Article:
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Tens of thousands of Ugandan royalists slashed trees, burned grass and hauled debris Saturday from the hilltop palace that soon will return to its owner, the king of Buganda.

But before Ronald Muwenda Mutebi, the king of Uganda's largest tribe, can repossess the palace -- which had been turned into a military barracks -- it needed a thorough scrubbing.

Mutebi, 46, a British-trained lawyer, generally spends his time raising money to help street children and advising his subjects where to plant trees.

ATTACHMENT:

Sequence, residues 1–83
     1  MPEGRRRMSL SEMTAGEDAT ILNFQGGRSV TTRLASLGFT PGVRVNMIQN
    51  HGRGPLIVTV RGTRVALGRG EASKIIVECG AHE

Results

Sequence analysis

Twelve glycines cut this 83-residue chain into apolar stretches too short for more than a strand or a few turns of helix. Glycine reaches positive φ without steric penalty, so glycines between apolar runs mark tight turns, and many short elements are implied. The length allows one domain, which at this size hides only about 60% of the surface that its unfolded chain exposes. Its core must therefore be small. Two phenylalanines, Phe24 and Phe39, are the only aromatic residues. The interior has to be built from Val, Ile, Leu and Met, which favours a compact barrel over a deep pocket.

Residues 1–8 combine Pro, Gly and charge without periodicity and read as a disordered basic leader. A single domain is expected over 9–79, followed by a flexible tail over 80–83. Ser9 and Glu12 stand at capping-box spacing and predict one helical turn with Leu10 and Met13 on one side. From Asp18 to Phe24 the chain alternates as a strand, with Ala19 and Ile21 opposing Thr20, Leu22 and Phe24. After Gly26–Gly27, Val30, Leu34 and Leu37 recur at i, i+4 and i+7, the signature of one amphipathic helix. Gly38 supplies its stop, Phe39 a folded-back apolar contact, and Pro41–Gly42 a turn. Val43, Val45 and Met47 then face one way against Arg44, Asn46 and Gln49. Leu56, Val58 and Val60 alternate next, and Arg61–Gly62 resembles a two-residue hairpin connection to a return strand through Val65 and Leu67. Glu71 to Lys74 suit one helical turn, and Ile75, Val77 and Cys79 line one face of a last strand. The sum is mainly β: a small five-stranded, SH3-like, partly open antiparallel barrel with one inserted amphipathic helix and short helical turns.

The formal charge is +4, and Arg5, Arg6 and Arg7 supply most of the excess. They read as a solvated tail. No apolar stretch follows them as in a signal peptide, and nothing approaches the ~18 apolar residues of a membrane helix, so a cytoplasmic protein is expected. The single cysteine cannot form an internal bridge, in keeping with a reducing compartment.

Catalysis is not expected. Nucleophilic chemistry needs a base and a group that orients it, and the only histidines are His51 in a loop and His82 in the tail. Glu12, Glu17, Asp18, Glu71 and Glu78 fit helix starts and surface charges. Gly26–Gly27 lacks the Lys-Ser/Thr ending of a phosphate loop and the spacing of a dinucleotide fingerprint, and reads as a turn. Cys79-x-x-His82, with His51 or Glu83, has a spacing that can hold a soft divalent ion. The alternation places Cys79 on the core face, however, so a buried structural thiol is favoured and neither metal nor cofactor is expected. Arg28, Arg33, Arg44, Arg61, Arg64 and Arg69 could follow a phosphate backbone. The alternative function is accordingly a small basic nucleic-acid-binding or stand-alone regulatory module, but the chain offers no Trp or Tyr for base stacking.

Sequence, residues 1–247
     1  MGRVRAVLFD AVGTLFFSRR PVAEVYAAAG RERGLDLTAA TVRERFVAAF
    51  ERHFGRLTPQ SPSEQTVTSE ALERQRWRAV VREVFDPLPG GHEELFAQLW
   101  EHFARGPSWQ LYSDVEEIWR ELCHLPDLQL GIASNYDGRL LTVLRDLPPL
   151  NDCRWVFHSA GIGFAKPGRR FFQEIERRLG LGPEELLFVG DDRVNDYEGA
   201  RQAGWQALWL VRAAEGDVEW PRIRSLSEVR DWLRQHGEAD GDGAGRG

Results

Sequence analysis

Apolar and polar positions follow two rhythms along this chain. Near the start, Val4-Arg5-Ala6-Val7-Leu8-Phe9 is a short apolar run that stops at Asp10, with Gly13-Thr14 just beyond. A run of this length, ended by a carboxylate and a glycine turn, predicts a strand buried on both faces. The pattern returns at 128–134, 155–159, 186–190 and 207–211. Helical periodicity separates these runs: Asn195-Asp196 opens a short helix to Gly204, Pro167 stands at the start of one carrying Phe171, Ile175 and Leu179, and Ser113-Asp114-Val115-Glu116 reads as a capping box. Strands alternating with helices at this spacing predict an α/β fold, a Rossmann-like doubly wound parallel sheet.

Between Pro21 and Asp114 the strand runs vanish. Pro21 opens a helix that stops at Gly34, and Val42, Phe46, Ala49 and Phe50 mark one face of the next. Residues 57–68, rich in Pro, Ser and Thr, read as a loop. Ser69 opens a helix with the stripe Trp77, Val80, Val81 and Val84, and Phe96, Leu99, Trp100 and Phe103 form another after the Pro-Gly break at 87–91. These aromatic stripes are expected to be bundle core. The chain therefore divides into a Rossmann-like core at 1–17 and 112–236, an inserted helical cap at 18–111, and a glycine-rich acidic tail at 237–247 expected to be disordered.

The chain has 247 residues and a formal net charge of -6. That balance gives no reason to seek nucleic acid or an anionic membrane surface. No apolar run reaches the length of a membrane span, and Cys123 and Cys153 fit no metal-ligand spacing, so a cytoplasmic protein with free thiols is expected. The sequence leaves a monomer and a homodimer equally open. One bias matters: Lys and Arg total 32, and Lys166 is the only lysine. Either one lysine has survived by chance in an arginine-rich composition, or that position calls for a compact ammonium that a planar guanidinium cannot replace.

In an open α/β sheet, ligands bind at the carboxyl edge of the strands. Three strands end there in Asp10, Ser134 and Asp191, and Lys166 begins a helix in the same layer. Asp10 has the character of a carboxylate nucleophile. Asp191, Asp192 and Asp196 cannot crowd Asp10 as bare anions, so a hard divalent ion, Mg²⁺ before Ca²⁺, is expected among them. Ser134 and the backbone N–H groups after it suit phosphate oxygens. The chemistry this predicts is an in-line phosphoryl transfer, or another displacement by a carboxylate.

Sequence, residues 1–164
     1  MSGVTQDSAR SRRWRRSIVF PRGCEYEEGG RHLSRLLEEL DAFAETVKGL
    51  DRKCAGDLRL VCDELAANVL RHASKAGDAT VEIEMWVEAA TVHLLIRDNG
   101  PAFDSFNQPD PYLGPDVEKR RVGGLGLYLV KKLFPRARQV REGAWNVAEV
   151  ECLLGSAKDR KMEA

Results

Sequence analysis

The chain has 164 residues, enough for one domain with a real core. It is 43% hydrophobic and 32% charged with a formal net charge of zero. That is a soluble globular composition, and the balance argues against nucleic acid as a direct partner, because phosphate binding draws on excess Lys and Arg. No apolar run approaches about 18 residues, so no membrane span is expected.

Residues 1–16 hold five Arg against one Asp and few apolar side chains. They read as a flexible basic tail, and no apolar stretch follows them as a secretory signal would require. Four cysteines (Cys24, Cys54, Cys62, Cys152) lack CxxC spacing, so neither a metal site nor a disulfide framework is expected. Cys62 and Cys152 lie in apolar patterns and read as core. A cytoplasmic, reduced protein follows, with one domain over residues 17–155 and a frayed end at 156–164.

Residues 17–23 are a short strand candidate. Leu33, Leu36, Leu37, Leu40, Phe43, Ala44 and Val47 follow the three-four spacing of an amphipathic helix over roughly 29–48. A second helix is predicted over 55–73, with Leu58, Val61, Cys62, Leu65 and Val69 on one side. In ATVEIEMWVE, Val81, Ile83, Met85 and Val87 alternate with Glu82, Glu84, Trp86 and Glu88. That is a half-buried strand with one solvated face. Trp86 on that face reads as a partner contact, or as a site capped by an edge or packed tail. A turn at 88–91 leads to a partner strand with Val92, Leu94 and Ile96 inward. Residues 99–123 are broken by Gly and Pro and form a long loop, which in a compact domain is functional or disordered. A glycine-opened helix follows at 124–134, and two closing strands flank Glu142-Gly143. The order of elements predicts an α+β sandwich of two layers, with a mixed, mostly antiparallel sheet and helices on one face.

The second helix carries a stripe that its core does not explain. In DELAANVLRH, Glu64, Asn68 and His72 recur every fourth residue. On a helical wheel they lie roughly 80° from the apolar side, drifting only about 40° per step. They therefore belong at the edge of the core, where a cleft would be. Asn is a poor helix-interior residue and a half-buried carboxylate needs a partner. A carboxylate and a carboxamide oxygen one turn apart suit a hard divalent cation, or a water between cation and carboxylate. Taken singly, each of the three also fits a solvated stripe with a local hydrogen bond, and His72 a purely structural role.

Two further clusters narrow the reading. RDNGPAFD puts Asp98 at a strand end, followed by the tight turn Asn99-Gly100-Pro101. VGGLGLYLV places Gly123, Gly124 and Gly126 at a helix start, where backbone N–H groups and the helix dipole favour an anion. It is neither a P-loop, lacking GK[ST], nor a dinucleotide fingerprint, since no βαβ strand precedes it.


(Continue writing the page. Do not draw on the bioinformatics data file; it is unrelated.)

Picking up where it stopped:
But after 1993, when President Yoweri Museveni restored traditional monarchies in the country, Mutebi found himself in the role of the Kabaka, or king of Buganda. He is preparing to move into the palace at Lubiri, just west of Kampala, where former dictator Milton Obote sent troops in May 1966 to massacre 2,000 followers of Mutebi's father.

Uganda's civil wars and the dictatorships of Obote and Idi Amin left 800,000 people dead and the country impoverished.

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